Hilary Boden ponders the potential benefits of alcohol 


With many of us trying to recover from self-inflicted “Freshers’ Flu”, and the Scottish ban on irresponsible supermarket drinks deals coming into practice, alcohol is getting a lot of bad press as usual. It’s common knowledge that alcohol is bad for us -we’ve all had the spiel about alcohol safety from our schooldays. But as fully fledged (and legal) student drinkers, is there any good news for us?

The new Scottish laws ensure that shops and supermarkets can no longer offer multi-buy drinks deals, restricts alcohol advertising, introduces a “social responsibility levy” on some licence holders and ups the age for required age verification to 25. Furthermore, there are plans to re-introduce minimum alcohol pricing proposals which have been halted by opposition parties in the past. There are plenty of reasons for all of this: in August this year, NHS Scotland found that Scottish adults were drinking 23% more alcohol than their English and Welsh counterparts. The wide-ranging list of long term effects of drinking too much includes liver damage, increased risk of cancer, reduced fertility, impaired memory, poor digestion and damage to your DNA, to name a few. According to a study in The Lancet last year, alcohol is more dangerous to society and individuals than heroin or crack, due to its widespread use.

So far, not so good. So should we give it all up, and never touch another drop in an effort to escape the myriad of unpleasantness listed above?

Maybe not. A 2010 study in the Journal Alcoholism: Clinical and Experimental Research found that abstaining from alcohol actually increases the risk of dying. The study followed 1,824 participants between 55 and 65 years old over a twenty year period. Care was taken to exclude from the study former alcoholics who had quit, ensuring that those participants who abstained from drink had done so throughout their lives. During this time, a rather high 69% of abstainers passed away, especially when considering that only 41% of moderate drinkers died. Counter-intuitively, moderate drinkers were also 23% less likely to die than light drinkers. Even more shockingly, even heavy drinkers lived longer than those who did not drink at all, with only 61% of them passing away during the study. Apparently if you want longevity, it is better to drink excessively than not at all!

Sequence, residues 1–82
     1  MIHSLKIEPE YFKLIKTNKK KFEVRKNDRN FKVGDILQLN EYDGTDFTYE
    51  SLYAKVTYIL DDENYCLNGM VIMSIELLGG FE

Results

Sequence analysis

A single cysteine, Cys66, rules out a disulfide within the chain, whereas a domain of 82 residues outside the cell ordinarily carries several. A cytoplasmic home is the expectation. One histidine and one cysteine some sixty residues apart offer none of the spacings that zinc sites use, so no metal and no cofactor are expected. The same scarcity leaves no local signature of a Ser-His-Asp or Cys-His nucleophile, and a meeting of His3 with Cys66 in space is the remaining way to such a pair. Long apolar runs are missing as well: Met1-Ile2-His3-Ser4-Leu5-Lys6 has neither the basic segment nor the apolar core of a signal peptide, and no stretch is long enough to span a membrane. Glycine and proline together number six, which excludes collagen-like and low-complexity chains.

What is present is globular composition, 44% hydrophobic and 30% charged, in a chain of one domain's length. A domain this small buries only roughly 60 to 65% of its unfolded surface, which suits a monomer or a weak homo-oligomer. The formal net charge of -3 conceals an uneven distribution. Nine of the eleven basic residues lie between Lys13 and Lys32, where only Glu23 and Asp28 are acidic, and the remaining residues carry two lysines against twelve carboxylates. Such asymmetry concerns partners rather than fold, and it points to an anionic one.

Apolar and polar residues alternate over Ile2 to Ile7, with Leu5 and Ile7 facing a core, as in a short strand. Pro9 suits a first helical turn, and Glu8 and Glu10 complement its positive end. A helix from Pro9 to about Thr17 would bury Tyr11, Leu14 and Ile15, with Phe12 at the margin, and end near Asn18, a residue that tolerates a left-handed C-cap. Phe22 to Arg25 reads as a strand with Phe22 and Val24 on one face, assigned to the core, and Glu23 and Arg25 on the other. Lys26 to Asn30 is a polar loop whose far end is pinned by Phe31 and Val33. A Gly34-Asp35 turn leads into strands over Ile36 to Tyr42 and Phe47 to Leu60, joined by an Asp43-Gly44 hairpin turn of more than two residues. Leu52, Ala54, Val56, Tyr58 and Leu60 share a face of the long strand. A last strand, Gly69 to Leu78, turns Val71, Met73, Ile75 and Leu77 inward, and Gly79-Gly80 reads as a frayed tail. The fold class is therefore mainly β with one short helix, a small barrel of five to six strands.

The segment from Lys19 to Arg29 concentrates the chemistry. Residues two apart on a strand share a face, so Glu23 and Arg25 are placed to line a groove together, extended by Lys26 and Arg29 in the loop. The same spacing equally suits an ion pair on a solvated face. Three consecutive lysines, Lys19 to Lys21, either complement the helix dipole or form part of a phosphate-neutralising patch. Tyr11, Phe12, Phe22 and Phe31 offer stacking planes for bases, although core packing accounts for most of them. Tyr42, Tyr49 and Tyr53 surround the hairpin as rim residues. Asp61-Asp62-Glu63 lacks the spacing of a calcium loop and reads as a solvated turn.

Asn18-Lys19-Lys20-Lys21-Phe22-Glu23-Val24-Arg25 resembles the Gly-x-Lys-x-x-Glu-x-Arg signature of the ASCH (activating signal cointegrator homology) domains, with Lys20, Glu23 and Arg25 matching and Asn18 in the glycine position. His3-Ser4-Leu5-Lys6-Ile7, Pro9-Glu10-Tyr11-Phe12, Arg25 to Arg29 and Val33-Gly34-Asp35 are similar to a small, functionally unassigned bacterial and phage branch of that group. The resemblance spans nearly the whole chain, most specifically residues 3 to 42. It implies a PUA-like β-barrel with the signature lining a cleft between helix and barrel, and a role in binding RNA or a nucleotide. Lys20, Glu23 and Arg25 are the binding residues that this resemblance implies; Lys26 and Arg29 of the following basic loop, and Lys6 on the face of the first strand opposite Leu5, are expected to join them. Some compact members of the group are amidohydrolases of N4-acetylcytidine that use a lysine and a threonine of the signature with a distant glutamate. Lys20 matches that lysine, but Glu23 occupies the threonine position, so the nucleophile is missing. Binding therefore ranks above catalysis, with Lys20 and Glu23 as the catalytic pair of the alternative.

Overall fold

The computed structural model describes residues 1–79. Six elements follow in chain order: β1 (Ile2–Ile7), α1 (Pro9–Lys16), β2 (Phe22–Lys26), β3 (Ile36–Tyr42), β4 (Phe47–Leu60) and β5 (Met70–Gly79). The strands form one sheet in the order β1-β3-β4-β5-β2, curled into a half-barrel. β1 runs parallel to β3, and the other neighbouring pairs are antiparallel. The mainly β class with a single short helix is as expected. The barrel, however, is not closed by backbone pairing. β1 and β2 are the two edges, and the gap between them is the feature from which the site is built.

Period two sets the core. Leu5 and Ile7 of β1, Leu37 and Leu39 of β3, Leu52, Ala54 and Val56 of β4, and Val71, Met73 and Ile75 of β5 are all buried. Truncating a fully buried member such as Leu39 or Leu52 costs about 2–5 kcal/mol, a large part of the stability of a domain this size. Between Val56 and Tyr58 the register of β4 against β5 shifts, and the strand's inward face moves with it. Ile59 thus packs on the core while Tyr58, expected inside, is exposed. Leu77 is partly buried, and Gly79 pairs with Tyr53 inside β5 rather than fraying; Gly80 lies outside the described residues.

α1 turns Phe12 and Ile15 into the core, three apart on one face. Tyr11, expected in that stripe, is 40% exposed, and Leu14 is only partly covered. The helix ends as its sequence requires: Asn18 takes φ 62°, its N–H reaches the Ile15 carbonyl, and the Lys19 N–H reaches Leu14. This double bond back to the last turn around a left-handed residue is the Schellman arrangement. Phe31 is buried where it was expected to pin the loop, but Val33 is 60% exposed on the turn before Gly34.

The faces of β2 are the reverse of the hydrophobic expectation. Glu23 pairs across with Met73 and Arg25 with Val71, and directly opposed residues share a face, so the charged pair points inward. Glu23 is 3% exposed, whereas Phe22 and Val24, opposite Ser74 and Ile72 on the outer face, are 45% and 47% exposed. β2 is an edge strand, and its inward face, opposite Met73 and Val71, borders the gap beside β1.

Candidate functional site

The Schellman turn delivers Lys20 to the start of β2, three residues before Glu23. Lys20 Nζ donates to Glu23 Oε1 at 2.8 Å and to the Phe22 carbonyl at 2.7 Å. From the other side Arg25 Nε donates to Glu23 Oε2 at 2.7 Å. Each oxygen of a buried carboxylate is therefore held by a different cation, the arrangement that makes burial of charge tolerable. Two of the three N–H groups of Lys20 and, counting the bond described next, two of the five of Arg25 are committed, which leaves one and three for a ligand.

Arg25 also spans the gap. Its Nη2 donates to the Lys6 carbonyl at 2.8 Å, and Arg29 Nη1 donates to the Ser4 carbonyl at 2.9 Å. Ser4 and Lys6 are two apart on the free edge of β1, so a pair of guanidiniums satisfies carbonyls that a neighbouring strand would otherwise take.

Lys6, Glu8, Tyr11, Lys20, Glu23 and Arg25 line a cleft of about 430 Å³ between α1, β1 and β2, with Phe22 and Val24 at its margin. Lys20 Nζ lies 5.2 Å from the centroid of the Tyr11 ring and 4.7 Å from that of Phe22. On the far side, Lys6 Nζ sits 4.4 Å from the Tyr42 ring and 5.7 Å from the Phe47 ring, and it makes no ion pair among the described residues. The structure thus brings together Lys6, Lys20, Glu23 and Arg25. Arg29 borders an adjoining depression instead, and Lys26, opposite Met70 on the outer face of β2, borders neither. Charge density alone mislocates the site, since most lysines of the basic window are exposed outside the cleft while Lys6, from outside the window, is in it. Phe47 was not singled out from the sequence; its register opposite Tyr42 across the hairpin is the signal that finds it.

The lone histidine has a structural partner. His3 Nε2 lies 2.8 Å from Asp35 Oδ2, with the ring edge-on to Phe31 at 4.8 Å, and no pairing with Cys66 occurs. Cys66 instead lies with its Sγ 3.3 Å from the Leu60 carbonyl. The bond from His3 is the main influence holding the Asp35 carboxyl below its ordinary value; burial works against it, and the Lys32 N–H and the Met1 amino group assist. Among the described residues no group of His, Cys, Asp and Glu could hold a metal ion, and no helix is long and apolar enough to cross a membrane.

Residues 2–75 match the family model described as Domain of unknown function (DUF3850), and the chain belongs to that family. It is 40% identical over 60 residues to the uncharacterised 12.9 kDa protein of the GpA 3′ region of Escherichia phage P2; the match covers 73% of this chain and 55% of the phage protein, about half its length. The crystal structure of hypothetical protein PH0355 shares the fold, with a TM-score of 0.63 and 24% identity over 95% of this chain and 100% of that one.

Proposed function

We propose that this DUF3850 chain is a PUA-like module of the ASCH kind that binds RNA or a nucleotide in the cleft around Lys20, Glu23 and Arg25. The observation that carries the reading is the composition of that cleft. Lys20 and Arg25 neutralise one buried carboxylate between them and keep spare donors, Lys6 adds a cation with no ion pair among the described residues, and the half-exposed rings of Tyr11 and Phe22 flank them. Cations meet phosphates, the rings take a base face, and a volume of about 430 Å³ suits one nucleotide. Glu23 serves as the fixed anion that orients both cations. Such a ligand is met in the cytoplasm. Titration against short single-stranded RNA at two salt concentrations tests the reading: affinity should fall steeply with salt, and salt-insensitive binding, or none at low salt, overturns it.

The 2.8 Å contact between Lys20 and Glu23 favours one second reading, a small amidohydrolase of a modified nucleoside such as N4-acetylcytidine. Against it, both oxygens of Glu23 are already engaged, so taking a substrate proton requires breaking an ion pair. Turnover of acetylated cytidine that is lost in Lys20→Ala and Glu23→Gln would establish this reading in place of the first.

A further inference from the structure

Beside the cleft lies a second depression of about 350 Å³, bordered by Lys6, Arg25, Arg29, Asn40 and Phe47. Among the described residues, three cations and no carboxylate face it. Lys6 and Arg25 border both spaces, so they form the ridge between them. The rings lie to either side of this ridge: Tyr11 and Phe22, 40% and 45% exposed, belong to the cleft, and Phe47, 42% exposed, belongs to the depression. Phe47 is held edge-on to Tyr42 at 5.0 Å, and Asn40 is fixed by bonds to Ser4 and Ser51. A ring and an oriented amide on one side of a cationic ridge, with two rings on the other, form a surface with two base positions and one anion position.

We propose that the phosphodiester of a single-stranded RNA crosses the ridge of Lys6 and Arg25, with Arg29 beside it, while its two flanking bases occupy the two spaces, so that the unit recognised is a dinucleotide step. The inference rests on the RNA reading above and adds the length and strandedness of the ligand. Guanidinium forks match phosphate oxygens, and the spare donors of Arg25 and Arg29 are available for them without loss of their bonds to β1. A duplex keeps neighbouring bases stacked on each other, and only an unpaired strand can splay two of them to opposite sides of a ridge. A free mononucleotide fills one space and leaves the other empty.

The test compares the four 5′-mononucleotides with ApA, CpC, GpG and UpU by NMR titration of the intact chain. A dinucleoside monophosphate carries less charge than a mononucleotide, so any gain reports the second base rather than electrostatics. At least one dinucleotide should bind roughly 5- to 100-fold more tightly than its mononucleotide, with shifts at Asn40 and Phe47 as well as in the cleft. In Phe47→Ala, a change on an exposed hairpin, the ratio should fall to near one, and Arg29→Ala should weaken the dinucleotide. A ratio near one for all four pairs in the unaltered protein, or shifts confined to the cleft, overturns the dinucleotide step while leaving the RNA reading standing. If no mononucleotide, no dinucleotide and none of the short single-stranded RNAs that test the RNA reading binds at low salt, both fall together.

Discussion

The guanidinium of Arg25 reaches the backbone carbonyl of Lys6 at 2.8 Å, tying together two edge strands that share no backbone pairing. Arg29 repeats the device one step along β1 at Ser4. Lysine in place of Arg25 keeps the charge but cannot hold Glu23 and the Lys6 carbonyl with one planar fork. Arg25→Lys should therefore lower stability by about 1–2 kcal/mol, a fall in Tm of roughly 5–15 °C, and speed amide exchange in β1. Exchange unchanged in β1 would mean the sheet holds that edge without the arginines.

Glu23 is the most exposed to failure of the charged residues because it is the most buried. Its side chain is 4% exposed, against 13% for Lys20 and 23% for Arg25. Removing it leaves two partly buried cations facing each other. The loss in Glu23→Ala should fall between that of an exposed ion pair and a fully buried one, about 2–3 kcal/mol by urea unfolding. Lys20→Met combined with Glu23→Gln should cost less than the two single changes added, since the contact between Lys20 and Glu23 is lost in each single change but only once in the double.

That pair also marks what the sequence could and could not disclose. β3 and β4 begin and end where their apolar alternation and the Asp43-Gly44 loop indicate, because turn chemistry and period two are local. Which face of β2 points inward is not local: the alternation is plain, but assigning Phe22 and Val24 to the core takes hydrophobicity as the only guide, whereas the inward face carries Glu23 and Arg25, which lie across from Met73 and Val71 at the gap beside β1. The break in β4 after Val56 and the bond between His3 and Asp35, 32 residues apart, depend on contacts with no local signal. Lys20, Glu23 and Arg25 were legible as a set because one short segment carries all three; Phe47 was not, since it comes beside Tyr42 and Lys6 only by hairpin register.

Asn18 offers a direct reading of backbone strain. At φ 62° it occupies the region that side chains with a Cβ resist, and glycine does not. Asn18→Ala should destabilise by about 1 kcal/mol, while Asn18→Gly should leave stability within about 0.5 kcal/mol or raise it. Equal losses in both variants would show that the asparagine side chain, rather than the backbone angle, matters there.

What are the reasons for this? The benefits of red wine are well known, with its antioxidants and resveratrol which can help to prevent cancer, but there are also certain cardiovascular benefits of alcohol, such as increased levels of the “good” HDL (High-density lipoprotein) Cholesterol. But there may be reasons less chemical: alcohol de-stresses, and is a well known social lubricant. Moderate drinkers are more likely to have more friends and are more likely to be married than abstainers. Recent studies by sociologists and epidemiologists have investigated the long term effects of loneliness, reporting that it is actually very dangerous: we are more likely to die from pretty much everything if we are lonely.  If drinking in moderation can help us with social interactions and to develop our friend support network, surely that counts as a health benefit then?

Once I’ve gotten over this Freshers’ Flu, that’s the line of logic I’ll be taking when next in the pub.


Hilary Boden

Image credit – andrew_mc_d